The study drew from an invaluable cache of health data gathered at the Cooper Clinic in Dallas, where thousands of men and women have been undergoing annual checkups, which include filling out detailed questionnaires about their exercise habits and medical history. More than 12,500 records were anonymized for men and women, most of them middle-aged, who had visited the clinic at least twice between 1987 and 2006. The subjects were categorized according to their reported resistance exercise routines, ranging from those who never lifted to those who completed one, two, three or more weekly sessions (or whether they lifted for more or less than an hour each week). Another category was aerobic exercise and whether subjects met the standard recommendation of 150 minutes per week of brisk workouts. This exercise data was then crosschecked against heart attacks, strokes and deaths during the 11 years or so after each participant’s last clinic visit.

The findings were dramatic: The risk of experiencing these events was roughly 50 percent lower for those who lifted weights occasionally, compared with those who never did — even when they were not doing the recommended endurance exercise. People who lifted twice a week, for about an hour or so in total, had the greatest declines in risk. (Interestingly, the subjects who reported weight training four or more times per week did not show any significant health benefits compared with those who never lifted, although the researchers believe this finding is probably a statistical anomaly.)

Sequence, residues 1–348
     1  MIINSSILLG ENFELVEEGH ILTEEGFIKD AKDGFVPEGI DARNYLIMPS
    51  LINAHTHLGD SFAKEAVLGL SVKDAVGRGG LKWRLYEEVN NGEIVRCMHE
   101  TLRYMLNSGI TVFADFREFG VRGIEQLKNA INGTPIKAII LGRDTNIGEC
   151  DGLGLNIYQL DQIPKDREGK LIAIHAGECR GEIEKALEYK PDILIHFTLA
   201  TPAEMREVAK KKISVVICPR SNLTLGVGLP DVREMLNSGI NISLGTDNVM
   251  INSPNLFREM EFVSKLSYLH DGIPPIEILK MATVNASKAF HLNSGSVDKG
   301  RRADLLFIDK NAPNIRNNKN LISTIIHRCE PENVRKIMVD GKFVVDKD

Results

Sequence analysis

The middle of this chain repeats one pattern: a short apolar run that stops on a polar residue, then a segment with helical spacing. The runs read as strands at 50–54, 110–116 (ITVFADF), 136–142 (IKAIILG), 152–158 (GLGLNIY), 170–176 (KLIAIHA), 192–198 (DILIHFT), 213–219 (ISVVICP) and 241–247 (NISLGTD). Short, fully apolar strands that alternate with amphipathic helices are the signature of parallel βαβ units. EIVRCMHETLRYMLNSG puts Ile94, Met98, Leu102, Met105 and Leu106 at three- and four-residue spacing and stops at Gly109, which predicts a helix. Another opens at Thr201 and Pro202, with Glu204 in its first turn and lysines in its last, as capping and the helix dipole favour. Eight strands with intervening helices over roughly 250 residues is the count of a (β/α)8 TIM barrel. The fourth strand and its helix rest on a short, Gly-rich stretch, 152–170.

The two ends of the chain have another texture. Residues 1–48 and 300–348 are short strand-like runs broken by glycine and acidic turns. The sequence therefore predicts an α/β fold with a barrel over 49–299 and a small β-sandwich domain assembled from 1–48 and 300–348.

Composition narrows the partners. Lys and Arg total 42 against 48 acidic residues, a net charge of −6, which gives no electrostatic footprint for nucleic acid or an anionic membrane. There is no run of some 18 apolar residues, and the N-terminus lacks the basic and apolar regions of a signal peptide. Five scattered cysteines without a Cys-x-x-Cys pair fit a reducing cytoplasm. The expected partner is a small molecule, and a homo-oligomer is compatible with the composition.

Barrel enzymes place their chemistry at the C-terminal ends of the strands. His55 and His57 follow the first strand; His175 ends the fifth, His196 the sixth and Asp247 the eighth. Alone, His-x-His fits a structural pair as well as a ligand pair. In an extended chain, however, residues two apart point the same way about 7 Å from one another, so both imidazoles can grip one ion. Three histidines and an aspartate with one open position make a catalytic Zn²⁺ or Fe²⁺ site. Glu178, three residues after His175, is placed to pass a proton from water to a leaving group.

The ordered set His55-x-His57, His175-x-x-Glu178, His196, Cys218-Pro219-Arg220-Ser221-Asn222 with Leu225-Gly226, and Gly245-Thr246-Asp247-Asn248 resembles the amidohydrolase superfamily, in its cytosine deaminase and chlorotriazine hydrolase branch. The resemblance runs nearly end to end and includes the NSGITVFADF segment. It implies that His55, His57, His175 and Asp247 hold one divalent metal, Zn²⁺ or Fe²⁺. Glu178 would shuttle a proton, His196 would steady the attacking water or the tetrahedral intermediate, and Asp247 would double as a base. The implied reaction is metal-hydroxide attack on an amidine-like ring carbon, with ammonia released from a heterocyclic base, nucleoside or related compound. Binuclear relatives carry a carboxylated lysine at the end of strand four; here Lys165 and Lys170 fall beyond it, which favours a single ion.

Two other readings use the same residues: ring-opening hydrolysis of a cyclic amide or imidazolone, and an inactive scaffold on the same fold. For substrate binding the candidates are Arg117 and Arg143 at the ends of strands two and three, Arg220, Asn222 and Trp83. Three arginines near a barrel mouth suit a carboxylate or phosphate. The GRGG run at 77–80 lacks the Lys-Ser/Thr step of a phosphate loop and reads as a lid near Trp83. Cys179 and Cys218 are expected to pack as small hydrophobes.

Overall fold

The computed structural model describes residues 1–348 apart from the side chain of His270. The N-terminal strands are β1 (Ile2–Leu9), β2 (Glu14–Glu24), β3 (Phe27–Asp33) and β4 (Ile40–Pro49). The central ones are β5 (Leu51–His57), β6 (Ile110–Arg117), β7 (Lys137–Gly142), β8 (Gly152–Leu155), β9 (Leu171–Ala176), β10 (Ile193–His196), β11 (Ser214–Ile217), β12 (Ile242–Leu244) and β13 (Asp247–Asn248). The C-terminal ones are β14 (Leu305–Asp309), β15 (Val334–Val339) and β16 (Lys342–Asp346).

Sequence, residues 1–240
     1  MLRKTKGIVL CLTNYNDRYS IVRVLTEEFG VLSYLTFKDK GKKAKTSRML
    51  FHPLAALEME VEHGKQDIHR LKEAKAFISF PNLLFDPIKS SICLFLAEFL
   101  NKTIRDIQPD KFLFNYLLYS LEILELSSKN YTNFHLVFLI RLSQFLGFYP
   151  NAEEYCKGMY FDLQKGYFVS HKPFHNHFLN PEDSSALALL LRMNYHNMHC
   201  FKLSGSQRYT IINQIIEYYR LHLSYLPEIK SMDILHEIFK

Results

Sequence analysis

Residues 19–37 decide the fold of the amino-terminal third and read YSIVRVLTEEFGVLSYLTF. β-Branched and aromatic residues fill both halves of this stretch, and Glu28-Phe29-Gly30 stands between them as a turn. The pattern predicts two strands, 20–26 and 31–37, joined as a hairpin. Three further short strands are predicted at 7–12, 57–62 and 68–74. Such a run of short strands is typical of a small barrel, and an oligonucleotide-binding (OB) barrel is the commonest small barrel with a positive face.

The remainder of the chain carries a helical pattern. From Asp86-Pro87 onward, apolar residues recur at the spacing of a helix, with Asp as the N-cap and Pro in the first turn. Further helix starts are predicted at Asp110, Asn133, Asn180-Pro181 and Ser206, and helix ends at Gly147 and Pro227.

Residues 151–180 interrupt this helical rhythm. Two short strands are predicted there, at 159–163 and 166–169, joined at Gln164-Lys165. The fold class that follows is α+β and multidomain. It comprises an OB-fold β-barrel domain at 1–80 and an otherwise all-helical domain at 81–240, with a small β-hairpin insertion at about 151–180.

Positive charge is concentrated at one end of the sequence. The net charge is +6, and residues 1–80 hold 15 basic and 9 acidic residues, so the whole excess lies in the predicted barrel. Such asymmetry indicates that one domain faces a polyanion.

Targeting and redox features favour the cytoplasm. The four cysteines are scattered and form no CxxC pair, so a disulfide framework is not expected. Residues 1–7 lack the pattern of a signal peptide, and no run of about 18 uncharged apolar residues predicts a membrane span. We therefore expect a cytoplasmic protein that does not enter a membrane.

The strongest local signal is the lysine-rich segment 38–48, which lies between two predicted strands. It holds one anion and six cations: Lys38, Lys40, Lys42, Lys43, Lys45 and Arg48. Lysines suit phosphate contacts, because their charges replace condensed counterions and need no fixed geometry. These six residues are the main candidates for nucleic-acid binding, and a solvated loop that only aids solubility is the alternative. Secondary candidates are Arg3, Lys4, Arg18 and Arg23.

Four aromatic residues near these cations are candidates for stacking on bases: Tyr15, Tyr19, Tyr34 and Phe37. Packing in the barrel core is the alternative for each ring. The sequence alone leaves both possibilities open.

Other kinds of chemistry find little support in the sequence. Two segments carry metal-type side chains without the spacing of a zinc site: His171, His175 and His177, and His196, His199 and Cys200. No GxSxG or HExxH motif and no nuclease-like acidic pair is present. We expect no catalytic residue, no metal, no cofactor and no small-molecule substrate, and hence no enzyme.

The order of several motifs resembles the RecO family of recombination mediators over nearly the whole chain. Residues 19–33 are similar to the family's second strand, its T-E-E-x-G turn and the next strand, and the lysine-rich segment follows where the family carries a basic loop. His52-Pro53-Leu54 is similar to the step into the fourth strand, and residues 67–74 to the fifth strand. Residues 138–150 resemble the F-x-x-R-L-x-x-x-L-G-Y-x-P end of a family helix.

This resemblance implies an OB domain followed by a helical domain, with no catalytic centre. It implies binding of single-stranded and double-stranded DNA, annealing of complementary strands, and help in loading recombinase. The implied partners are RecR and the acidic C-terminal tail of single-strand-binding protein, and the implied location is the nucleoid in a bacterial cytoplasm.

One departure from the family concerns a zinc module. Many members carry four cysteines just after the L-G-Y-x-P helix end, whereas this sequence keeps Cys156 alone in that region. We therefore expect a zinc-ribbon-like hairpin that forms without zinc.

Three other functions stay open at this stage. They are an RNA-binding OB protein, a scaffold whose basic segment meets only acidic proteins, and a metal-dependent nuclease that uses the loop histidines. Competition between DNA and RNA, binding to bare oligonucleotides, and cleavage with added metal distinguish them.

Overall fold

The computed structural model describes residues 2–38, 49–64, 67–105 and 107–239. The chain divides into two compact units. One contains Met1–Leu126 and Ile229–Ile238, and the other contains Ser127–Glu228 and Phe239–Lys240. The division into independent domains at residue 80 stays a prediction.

“The good news,” says Duck-chul Lee, an associate professor of kinesiology at Iowa State University and co-author of the study, “is that we found substantial heart benefits associated with a very small amount of resistance exercise.” As an associational study, the results show only that people who occasionally lift weights happen to have healthier hearts — not that resistance training directly reduces heart-related health risks. The data, though, does reveal associations between weight lifting and a lower body mass index, Lee says, which might be connected to fewer heart problems. He and his colleagues do not know the specifics of what exercises people were doing — lat pull-downs? dead lifts? squats? — or how many repetitions they did or at what level of resistance. Lee says he is in the early stages of a major study to examine some of those factors. But he doesn’t suggest waiting for those results.